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Re: Are completions in some way heavy?

On 6 June 2016 at 18:01, Bart Schaefer <schaefer@xxxxxxxxxxxxxxxx> wrote:
> On Jun 6,  2:43pm, Sebastian Gniazdowski wrote:
> }
> } This should provide speed up, to start with 15 enabled completions,
> } instead of 800 [...]
> }
> } That's a failure but I thought that maybe shell will be much lighter
> } with <100 completions pre-loaded? Maybe situation with compsys isn't
> } that bright because of the number of _* files? How can I reveal
> } effects of much lighter $functions, etc., is it possible?
> Functions that are marked for autoloading but haven't yet loaded are
> already very lightweight.  That was one reason for using a suite of
> files, so the autoload mechanism could take care of ignoring those
> that are never needed in a particular session.  Then compdump avoids
> the overhead of scanning directories to find those files.

The autoloading mechanism is indeed nice. The same for the compdump.
What's also nice is how easy it was to detach all completions from
Zsh. Simple copy of all "_*" files. And instant working when placed in
other directory that's in $fpath.

> Making it the user's responsibility to explicitly choose what to enable
> is exactly what we wanted to *avoid*.  If that's a requirement in order
> for the system to be "light enough" then we have failed.

I in general don't like completions, must admit. They often interfere
with what I want to do. Giving examples is much hard, such unpleasant
situations don't stick in memory. Maybe su. It completes fancy user
names on OS X . But ok, that's an acceptable must maybe (couldn't it
choose usernames with uid > 500 or something..?). But it doesn't
complete user names when invoked as "su - <TAB>". I guess patience is
needed for completions. They're like small man pages that disturb
view. One has to keep calm and try to read. Then it's fine.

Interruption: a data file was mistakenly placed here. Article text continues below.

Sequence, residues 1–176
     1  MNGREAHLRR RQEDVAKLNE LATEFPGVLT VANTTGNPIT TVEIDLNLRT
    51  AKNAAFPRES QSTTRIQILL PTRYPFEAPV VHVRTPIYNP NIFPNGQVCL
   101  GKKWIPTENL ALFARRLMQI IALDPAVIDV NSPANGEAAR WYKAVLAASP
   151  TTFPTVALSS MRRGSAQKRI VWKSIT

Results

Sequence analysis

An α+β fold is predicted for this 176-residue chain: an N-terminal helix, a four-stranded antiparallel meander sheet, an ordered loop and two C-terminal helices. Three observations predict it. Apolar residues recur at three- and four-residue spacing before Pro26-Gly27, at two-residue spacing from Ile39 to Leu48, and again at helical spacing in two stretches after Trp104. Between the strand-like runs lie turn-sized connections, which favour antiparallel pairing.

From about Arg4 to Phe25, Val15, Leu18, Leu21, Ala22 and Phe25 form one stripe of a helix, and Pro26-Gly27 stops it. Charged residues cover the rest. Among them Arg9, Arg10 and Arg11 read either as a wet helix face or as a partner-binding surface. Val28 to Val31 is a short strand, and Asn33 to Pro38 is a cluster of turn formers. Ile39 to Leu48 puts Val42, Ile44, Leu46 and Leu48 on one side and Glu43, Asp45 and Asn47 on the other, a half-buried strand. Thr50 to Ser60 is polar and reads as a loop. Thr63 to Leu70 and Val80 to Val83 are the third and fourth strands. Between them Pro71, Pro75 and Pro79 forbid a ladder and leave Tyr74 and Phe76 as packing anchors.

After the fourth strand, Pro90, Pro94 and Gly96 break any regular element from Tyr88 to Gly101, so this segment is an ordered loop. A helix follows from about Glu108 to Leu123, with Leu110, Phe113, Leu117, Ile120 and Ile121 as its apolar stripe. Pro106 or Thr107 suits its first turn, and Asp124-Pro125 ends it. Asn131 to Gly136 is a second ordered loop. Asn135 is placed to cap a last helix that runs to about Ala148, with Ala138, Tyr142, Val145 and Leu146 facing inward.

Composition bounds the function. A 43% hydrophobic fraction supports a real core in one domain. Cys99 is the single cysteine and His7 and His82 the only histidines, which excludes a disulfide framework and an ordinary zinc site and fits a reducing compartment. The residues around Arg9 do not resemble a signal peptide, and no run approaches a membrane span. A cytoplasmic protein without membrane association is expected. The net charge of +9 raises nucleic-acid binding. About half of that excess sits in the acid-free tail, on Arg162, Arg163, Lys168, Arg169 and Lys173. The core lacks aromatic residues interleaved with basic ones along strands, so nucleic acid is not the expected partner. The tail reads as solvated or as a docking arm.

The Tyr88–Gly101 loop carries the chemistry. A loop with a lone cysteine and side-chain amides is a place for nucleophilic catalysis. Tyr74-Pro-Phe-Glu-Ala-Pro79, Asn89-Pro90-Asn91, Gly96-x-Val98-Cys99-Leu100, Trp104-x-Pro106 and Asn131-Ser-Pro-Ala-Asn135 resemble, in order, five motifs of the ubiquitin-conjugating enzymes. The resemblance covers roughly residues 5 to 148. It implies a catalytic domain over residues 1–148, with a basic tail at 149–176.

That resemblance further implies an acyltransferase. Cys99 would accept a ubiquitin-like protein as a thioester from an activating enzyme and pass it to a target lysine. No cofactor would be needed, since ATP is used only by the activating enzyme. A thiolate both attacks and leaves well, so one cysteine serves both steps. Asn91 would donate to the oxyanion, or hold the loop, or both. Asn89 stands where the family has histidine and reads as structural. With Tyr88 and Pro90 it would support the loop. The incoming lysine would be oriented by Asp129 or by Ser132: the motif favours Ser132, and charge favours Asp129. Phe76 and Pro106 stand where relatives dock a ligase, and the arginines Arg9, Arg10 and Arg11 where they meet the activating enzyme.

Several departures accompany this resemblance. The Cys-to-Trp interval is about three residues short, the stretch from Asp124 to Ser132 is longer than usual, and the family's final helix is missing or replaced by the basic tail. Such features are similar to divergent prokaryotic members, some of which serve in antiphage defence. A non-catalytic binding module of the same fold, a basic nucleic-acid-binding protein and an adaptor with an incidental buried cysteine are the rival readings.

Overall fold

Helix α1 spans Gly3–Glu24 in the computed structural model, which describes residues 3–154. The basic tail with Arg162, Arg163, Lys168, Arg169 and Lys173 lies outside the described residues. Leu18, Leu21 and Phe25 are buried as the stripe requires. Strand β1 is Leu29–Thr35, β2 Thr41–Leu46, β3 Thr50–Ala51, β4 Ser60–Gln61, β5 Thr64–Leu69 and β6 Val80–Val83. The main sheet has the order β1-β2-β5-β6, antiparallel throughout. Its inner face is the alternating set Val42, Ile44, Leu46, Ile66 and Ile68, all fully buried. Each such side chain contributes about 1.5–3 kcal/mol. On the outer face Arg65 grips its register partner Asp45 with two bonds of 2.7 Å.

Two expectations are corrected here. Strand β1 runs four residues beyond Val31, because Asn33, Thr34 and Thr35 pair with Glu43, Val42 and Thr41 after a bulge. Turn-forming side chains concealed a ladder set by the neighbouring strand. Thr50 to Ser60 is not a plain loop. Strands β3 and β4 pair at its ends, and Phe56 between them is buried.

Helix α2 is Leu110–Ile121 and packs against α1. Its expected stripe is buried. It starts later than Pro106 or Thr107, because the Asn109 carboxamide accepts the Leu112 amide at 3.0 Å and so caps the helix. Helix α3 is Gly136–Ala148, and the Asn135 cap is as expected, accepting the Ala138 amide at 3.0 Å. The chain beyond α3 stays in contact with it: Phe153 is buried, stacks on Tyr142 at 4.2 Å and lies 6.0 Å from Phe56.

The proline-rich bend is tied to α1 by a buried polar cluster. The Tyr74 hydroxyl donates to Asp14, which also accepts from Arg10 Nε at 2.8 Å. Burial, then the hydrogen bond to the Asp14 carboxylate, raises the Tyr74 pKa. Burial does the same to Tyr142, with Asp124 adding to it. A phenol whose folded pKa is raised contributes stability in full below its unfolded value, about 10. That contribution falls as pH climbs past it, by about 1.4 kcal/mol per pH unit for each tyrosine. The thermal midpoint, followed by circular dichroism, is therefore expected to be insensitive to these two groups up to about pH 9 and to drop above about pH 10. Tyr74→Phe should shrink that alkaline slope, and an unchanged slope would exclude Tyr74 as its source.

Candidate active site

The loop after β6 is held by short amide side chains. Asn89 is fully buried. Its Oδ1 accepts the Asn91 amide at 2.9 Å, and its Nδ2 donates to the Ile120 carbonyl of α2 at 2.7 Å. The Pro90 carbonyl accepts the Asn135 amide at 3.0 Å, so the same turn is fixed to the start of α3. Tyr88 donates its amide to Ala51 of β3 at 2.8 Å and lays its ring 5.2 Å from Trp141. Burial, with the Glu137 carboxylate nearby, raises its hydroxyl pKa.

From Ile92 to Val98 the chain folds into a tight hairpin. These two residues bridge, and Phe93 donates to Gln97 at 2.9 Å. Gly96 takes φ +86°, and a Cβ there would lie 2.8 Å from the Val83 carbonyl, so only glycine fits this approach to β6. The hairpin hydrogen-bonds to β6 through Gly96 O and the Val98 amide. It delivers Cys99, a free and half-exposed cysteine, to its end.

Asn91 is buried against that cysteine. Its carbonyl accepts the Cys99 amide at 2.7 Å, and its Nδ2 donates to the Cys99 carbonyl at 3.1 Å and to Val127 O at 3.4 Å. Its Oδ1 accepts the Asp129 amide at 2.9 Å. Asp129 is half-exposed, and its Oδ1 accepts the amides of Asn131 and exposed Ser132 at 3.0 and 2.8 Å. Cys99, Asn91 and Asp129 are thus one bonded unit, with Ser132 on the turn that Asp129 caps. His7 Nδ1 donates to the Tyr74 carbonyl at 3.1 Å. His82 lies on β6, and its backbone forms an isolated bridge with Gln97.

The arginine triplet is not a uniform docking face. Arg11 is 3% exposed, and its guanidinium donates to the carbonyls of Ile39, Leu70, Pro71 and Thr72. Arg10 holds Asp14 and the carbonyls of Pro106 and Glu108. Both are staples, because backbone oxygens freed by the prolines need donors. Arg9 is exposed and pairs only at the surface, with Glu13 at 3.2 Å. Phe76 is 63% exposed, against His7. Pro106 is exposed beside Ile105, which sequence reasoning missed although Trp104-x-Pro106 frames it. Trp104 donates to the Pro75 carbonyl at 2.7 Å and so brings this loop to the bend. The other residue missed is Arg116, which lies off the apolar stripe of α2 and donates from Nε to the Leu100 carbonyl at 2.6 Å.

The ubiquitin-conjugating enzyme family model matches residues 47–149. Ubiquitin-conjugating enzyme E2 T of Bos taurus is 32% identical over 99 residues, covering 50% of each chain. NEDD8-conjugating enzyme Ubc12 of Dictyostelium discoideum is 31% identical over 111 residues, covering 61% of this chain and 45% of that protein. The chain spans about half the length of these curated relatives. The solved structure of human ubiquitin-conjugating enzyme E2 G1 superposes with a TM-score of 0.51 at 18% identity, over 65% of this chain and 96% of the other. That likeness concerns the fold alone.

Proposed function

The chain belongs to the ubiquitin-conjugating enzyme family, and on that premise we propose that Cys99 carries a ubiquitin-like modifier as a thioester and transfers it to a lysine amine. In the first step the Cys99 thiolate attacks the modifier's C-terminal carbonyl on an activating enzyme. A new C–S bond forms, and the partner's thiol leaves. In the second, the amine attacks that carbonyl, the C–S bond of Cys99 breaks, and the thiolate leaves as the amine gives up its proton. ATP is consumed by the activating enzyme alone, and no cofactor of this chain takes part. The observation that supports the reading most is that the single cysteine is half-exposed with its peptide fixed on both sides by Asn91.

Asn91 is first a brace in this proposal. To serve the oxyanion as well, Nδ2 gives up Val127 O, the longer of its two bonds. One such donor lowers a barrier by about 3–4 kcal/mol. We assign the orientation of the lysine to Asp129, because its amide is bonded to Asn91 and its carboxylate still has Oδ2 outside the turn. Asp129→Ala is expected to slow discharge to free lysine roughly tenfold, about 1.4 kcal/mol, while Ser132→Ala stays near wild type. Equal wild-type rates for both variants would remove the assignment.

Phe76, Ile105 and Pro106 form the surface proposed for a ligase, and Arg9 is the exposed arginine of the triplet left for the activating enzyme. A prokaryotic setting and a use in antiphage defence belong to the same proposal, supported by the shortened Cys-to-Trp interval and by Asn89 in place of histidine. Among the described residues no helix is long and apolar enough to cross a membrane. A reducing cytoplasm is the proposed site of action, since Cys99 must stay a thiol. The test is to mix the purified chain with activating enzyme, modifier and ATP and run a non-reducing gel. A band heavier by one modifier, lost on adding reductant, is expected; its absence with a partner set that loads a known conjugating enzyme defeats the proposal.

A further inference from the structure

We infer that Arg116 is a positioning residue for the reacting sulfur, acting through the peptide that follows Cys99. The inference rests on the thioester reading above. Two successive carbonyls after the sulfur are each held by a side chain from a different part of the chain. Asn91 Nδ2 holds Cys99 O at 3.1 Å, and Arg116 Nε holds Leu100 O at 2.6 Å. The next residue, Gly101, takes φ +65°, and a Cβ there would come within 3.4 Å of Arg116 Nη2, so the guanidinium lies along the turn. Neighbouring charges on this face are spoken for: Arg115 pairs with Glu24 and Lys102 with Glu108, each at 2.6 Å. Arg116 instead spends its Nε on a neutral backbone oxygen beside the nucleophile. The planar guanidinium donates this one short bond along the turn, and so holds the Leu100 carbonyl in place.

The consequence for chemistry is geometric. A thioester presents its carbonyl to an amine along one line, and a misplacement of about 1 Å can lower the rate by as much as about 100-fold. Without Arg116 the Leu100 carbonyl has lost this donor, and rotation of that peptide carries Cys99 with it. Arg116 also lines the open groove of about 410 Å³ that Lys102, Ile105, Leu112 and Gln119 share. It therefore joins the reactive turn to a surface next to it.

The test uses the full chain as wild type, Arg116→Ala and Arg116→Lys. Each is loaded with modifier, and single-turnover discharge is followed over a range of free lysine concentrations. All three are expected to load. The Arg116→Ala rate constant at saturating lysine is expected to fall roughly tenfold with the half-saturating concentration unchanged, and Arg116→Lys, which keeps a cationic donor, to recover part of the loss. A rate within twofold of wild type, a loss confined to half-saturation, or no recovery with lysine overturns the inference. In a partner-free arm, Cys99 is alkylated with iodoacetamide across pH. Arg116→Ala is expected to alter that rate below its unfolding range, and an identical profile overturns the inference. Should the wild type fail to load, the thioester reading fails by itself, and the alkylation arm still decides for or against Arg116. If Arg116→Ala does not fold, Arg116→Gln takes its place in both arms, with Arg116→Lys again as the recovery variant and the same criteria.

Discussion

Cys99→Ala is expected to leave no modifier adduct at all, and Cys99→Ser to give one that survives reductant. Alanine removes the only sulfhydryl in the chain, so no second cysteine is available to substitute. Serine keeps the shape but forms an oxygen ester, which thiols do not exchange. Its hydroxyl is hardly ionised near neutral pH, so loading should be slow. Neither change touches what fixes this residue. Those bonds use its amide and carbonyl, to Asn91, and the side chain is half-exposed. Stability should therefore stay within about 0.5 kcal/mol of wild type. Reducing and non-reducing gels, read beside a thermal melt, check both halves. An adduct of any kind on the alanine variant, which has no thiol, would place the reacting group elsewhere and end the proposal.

There are orders in magnitude of quality in such tasks like
completion. This recalls me the various bootable CDs like Trinity,
Hiren's, Falcon, etc. How much effort can man put in making such
things better and better, more automated and robust? But only a few
people love doing such perfect things. The amount of work that I think
is needed for completions to cross next order of the magnitude would
require rapid iterations I guess, that's why I mentioned it. And I
wouldn't mind if I could disable and enable before that boundary is
crossed. But it's fine, completions are in general good. And there
undoubtedly is progress. Sometimes weird, like on Ubuntu where
kill<TAB> invokes fzf. Don't like the software because they did
history Ctrl-R via a hack: they don't parse multi-line entries,
instead they pass history event numbers together with one-line-packed
history entries, and then invoke vi-fetch-history:


I ended up with 240 "crucial" completions when selecting what to keep
by default. But it was in 30% a hard decision process. 70% of what has
been rejected was easy. But uncertainty stays. Also, zplg cenable
takes completion's file name without _. This can of course not match
command name. Guess I could enable all multiple-argument compdefs by
default. grep "compdef [a-z]\+ [a-z]\+" * | wc -l says there are 172
such completions. What's the point currently? Having plugin manager
part-free. The 50-80ms is quite significant when compared to 250ms
when Zplugins loads 9 plugins with full shadowing, reporting,
including heavy plugins like z-sy-h and autosuggestions (70 ms in
"light" mode without reporting). But on other hand, what's really fun
is having completions detached from Zsh.

> } Also, overall, it would be nice that I would collect all mainstream _*
> } patches, and provide the completions for all Zsh versions.
> Having a location from which to grab .../share/$ZSH_VERSION/functions/
> trees for past zsh releases would be useful, particularly if fixes from
> more recent versions were backported when possible.
> I would not suggest attempting to create forward-portable versions of
> the functions.


Best regards,
Sebastian Gniazdowski

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